Did you know they used to give out Olympic medals for art? It’s true! From 1912 to 1948 the IOC awarded officials medals for painting, sculpture, architecture, literature and music. There was a rule that all submissions had to be sports themed, so a lot of the pieces have titles like “Ode to Sport” (a literature entry) and “Olympic Triumphal March” (music). Judging from the surviving artworks, a lot of this art wasn’t very good, but there’s still something absurd and fascinating about the fact that for nearly forty years you could win a gold medal for your epic poetry.
So, last week, I spoke to a man who, from what I can tell, has written the only book about this odd chapter in Olympic history. His name is Richard Stanton and his book is called The Forgotten Olympic Art Competitions.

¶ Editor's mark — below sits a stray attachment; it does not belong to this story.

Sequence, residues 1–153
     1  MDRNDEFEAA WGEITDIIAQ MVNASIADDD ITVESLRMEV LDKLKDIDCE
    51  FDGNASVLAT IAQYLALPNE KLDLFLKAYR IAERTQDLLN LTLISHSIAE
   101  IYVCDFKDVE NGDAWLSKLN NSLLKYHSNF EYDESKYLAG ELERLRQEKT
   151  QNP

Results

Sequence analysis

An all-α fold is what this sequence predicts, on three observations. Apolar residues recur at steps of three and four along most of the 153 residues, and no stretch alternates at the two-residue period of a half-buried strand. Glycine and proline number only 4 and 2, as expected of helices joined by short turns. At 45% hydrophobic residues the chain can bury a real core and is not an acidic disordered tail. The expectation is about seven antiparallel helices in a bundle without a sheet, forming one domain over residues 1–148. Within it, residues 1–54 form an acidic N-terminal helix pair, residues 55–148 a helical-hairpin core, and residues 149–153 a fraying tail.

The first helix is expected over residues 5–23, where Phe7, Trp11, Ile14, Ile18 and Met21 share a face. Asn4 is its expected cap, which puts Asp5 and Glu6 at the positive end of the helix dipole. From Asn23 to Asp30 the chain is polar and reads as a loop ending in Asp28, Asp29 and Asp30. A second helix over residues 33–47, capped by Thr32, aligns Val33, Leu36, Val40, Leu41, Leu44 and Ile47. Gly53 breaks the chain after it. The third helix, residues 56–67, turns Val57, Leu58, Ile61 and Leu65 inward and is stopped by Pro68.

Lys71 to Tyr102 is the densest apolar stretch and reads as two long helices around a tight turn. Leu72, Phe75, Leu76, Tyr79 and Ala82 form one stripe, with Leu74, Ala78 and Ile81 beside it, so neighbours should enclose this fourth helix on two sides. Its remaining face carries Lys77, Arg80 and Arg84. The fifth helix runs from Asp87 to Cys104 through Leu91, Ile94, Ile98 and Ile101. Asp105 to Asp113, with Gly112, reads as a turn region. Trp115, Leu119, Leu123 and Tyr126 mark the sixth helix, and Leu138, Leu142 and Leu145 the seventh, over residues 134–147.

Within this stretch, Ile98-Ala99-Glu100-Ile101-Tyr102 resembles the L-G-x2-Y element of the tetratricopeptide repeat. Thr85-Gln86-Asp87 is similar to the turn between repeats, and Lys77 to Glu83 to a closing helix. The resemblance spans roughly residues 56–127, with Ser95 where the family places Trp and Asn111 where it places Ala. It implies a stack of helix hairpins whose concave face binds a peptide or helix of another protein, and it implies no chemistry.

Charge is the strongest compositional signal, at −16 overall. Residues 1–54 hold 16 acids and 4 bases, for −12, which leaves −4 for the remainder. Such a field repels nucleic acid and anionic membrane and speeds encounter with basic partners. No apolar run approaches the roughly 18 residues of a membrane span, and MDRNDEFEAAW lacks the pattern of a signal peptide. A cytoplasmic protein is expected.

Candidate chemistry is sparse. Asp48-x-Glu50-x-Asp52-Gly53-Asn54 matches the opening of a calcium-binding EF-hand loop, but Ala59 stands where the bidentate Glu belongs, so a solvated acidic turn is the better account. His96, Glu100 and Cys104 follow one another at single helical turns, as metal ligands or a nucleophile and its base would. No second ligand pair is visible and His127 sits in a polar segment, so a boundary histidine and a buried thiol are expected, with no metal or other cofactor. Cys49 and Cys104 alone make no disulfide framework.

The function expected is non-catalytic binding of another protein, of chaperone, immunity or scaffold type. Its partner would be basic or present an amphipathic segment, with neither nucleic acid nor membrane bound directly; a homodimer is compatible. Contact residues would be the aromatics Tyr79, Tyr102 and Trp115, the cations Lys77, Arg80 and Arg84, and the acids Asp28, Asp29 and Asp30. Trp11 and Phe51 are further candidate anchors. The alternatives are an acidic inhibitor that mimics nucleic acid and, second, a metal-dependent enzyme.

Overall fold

To write his book Richard travelled to the IOC archives in Switzerland and went through hundreds of hand written letters from olympic officials in order to piece the story together. Richard was nice enough to talk with me over the phone about his book and Olympic art.
Corner (left), and Rugby (right) by Jean Jacoby. Rugby won gold at the 1928 games in Amsterdam.
Ode to Sport won gold in the Literature category in 1912
Walter Winans An American Trotter. Gold medal in the “Sculpture” category at the first Olympic Art Competitions in 1912 in Stockholm
We discuss new movies, ‘Marriage Story’ and ‘Portrait of a Lady on Fire.’ Plus a preview of Queen of Jeans’ upcoming BTR Live Studio session. | listen
Hear their take on the classic Hawaiian Christmas carol here first. | read